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Why Do Women Leave Careers in STEM?

As females, we faced tough challenges in deciding to enter a STEM discipline, confronted gender imbalance in our studies, and overcame bias in order to land a job in our chosen field. Even after we establish ourselves in our careers, we continue to encounter career-ending traps. After overcoming so much to come this far, why would we throw in the towel at higher rates than men in similar fields?  Even more perplexing is why we are leaving our field at higher rates than women in other fields? Today I’d like to explore some of the possible reasons and present some solutions.


One reason women leave their careers in a STEM field is because of bias. They may not feel that they get a fair shake when it comes to inclusion on teams or promotions. Also, women may not feel that they are being heard or that their male colleagues trust them. I know that when I first took a leadership role in my engineering career I often felt two things: either that the men on my team had a sense of mistrust in the information I gave to them or that they felt shorted somehow by being “stuck” with me on a team. Of course, the best way to remedy that is to stick with it and prove your know-how and value over time!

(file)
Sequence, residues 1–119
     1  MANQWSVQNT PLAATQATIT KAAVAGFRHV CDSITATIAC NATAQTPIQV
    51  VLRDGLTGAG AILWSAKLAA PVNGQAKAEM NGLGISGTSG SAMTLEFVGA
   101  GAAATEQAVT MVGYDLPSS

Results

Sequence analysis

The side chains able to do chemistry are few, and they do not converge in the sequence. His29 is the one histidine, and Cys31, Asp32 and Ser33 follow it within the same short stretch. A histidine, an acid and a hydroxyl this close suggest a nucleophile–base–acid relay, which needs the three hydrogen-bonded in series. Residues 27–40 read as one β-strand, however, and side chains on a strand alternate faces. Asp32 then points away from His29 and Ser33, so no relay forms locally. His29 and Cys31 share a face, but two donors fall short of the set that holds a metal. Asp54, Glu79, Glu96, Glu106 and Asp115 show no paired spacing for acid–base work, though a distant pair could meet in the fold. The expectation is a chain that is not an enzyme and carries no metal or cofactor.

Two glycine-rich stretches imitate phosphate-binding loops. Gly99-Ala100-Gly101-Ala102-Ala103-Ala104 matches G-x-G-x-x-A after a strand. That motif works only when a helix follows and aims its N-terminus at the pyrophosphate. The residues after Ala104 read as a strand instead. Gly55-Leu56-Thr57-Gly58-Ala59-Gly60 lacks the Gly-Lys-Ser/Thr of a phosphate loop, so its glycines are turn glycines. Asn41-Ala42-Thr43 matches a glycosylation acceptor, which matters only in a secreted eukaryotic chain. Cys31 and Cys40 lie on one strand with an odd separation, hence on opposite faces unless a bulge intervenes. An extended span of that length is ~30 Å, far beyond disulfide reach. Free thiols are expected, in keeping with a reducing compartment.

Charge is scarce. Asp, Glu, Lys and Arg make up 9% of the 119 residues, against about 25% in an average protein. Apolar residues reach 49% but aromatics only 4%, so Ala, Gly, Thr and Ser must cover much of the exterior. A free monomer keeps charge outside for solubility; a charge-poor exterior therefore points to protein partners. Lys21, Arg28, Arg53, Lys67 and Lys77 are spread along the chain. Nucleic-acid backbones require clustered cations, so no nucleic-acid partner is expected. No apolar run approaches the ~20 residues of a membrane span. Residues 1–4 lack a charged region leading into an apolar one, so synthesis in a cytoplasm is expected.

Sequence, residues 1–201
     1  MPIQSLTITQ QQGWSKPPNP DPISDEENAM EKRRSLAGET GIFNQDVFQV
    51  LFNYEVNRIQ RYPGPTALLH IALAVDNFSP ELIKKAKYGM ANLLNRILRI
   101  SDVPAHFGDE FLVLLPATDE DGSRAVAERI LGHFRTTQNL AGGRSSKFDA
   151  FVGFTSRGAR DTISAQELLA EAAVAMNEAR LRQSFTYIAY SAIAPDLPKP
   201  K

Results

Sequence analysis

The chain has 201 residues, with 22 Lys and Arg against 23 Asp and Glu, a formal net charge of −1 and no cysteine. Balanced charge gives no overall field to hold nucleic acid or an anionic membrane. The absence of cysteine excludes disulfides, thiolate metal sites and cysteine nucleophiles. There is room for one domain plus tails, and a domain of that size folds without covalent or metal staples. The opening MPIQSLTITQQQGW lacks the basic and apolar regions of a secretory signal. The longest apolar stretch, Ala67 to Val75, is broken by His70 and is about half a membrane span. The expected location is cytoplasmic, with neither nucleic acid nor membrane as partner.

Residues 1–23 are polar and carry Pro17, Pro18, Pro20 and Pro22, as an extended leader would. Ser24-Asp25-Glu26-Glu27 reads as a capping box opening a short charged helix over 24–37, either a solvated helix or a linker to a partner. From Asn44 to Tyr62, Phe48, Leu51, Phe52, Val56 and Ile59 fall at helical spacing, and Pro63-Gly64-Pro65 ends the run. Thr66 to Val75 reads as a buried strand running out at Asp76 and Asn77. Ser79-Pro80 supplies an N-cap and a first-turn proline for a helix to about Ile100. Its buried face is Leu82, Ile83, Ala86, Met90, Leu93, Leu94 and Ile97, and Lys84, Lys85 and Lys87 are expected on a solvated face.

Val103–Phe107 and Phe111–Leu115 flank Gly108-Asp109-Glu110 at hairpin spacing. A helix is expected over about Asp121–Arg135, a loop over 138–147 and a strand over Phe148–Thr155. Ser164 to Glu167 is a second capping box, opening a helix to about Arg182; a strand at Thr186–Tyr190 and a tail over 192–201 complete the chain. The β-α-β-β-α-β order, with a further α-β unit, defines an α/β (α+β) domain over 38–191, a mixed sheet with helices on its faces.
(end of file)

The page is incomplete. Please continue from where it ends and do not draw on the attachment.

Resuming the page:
Another reason women leave their STEM jobs is due to inflexibility when it comes to work-life balance. When women choose to have children, they often feel guilty asking for maternity leave and as though their work cannot continue in their absence. As a result, some women sacrifice family for their work or decide to leave their work altogether to ease their conscience. Though it will be hard for you to imagine letting someone else take the reins on your ongoing projects at work, I am here to tell you that the work will get done with careful planning and attention on your part. I myself had a tough time leaving my work to take maternity leave so I know exactly the struggle you will find yourself grappling with. But I planned carefully, put all my ducks in a row, and very much enjoyed those weeks spent at home with my children when each of them was born.


Some employers are hesitant to offer flexible schedules to mothers so they can tend to their kids’ needs around school hours. Women have proven time and again that they can produce high-quality work remotely while juggling the responsibilities associated with motherhood. If STEM employers learned to let mothers do their work outside of a standard office schedule and do some work from home when needed, there would be less attrition and more job satisfaction among mothers in these fields.


These ideas only scratch the surface of the myriad of reasons why women choose to leave careers they worked so hard to attain. Have you considered leaving your job?  For what reason?  Share your thoughts in the comments section below.


Karen Purcell

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